1979 in science
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The year 1979 in science and technology involved some significant events, listed below.
Astronomy and space exploration
- February 7 – Pluto enters a 20-year period inside the orbit of Neptune for the first time in 230 years.
- March 7 – The largest magnetar (soft gamma repeater) event is recorded.
- July 11 – America's first space station, Skylab, is deliberately allowed to burn up on atmospheric entry over the Indian Ocean due to its decaying orbit and the lack of time build a new spaceship to boost it up.
- September 1 – The American Pioneer 11 becomes the first spacecraft to visit Saturn when it passes the planet at a distance of 21,000 km.
- December 24 – The maiden launch of Ariane 1, the first rocket in the Ariane launcher family.
- Amateur Achievement Award of the Astronomical Society of the Pacific given for the first time.
- Arthur William Baden Powell publishes New Zealand Mollusca.
- VisiCalc becomes the first spreadsheet program.
- The US Federal Government releases the initial, draft version of Ada (programming language), a strongly typed, comb-structured language with exception handlers, for embedded systems.
- The RISE project first discovers hydrothermal vents known as 'black smokers', on a mid-ocean ridge in the Pacific Ocean.
History of science
- Robert Gwyn Macfarlane publishes Howard Florey: The Making of a Great Scientist.
- 'Monstrous moonshine': John Conway and Simon P. Norton prove there is a connection between the Monster group M and the j-function in number theory.
- The first modern Sudoku, known as Number Place, appears in Dell Pencil Puzzles and Word Games (United States), devised by Howard Garns.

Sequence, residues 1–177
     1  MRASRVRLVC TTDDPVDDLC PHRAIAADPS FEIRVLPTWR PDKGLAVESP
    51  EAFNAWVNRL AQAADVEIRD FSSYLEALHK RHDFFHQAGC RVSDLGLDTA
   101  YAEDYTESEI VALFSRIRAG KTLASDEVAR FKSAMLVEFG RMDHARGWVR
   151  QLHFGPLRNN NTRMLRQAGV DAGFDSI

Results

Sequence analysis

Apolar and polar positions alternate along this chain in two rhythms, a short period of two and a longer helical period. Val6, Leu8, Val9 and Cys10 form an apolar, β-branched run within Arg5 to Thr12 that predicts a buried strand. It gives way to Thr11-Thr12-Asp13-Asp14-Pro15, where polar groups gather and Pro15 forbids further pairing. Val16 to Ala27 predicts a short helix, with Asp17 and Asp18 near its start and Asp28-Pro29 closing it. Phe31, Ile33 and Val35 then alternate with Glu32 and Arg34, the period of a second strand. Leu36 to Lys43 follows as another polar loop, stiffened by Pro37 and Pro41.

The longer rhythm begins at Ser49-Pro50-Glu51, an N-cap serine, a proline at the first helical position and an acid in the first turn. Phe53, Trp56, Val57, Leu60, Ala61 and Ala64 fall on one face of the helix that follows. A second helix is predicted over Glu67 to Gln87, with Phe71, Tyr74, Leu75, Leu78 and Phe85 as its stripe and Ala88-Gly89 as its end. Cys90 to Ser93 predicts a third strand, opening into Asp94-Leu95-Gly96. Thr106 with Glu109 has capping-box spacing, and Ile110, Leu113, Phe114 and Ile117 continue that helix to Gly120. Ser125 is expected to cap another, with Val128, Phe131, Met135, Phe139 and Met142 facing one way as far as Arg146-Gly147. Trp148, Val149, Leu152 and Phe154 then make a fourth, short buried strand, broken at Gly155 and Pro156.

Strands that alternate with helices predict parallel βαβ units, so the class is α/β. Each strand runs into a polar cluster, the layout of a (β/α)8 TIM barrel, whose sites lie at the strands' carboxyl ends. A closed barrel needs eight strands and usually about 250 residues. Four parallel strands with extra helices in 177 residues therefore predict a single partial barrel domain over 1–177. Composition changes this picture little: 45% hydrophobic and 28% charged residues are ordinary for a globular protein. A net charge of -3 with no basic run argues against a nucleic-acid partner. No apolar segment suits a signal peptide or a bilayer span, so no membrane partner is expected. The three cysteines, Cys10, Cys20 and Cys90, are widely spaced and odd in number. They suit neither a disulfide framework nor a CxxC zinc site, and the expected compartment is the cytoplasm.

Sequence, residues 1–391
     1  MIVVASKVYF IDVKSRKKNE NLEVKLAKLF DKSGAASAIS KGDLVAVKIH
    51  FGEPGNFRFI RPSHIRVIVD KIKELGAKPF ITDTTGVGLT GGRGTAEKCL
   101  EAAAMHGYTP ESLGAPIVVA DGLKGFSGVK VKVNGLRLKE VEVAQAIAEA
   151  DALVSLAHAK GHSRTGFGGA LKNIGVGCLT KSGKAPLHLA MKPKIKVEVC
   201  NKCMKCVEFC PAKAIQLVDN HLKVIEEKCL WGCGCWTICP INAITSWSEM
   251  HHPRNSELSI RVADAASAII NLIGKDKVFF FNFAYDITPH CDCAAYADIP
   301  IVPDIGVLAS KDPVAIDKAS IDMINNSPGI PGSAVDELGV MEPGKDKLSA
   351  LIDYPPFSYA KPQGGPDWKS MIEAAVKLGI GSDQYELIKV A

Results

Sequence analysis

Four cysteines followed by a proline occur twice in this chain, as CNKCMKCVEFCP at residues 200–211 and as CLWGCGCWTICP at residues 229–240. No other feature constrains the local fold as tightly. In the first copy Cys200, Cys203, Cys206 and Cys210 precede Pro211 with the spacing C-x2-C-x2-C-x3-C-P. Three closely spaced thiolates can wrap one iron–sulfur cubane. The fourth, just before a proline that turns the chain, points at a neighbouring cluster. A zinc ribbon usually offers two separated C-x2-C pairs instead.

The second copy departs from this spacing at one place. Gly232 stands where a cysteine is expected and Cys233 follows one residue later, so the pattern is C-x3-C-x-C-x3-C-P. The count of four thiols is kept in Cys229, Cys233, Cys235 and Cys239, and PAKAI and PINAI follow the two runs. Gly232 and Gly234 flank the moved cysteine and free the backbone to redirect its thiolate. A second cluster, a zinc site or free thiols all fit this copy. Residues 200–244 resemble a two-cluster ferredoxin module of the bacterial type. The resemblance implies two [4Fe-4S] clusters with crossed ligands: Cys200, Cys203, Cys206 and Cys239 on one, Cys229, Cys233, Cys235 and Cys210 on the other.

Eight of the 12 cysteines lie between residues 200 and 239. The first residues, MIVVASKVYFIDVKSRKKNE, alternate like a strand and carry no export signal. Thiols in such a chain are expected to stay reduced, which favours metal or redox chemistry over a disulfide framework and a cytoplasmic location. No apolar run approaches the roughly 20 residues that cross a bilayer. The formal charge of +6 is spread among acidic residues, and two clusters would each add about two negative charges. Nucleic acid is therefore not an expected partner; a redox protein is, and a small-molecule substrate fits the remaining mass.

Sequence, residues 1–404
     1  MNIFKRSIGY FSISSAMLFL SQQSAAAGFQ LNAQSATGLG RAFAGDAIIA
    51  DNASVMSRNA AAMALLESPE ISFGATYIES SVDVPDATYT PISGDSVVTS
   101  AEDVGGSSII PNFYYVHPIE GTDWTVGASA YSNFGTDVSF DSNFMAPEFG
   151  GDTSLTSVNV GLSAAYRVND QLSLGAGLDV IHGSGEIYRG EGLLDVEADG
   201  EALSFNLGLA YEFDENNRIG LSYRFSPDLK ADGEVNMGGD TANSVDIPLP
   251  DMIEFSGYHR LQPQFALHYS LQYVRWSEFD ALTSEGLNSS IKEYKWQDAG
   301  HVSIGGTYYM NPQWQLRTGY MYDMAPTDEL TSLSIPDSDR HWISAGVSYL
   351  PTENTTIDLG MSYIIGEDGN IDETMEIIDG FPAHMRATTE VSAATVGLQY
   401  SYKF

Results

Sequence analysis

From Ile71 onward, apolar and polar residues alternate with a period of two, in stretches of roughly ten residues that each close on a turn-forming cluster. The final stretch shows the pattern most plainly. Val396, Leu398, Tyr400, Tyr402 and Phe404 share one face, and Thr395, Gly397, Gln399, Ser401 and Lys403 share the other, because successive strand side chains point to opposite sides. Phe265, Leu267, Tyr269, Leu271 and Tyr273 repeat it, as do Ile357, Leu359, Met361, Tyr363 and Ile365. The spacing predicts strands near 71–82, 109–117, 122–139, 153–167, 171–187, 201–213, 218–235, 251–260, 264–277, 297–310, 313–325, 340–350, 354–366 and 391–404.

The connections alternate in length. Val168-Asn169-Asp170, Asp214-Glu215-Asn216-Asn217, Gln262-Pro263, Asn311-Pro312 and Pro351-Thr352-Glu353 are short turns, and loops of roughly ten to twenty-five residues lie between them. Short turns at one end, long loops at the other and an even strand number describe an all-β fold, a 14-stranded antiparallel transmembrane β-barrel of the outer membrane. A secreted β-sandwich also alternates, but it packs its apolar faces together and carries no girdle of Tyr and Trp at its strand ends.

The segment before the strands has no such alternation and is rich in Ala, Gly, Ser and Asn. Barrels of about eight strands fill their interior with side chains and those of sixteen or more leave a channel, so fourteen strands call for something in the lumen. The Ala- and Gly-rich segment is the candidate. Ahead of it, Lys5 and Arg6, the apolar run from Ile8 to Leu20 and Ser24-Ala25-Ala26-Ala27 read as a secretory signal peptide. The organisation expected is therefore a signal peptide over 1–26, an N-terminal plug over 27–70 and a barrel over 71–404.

- August – The eating disorder Bulimia nervosa is first described and named by British psychiatrist Gerald Russell.
- December 9 – The World Health Organization certifies the global eradication of smallpox.
- The last naturally occurring cases of polio are reported in the United States.
- Tumor protein p53 is identified by Lionel Crawford, David Lane, Arnold J. Levine and Lloyd J. Old.
- March 1 – Philips publicly demonstrate a prototype of an optical digital audio disc at a press conference in Eindhoven, Netherlands.
- June 12 – Human-powered aircraft Gossamer Albatross, built by an American team led by Paul MacCready and piloted by Bryan Allen, makes a successful crossing of the English Channel to win the second Kremer prize.
- Nobel Prizes
- Turing Award – Kenneth E. Iverson
- January – Oscar H. Banker (b. 1895), Armenian American inventor.
- March 11 – Noël Poynter (b. 1908), English medical historian.
- March 17 – Henry Aaron Hill (b. 1915), American fluorocarbon chemist, first African American president of the American Chemical Society.
- April 5 – Eugène Gabritschevsky (b. 1893), Russian biologist and artist.
- May 6 – Karl Wilhelm Reinmuth (b. 1892), German astronomer.
- June 1 – Werner Forssmann (b. 1904), German physician, recipient of the Nobel Prize in Physiology or Medicine.
- September 26 – Sir Barnes Wallis (b. 1887), English aeronautical engineer.
- October 10 – Guido Fanconi (b. 1892), Swiss pediatrician.
- October 12 – Katharine Burr Blodgett (b. 1898), American physicist and chemist.
- Conway, J. H.; Norton, S. P. (1979). "Monstrous Moonshine". Bulletin of the London Mathematical Society. 11 (3): 308–339. doi:10.1112/blms/11.3.308.
- Pegg, Ed Jr. (2005-09-15). "Ed Pegg Jr.'s Math Games: Sudoku Variations". MAA Online. The Mathematical Association of America. Retrieved 2006-10-03.
- Russell, Gerald (August 1979). "Bulimia nervosa: an ominous variant of anorexia nervosa". Psychological Medicine. 9 (3): 429–48. doi:10.1017/S0033291700031974. PMID 482466.
- Palmer, Robert (December 2004). "Bulimia nervosa: 25 years on". British Journal of Psychiatry. 185 (6): 447–8. doi:10.1192/bjp.185.6.447. PMID 15572732.
- "Smallpox". WHO Factsheet. Archived from the original on 2007-09-21. Retrieved 2007-09-22.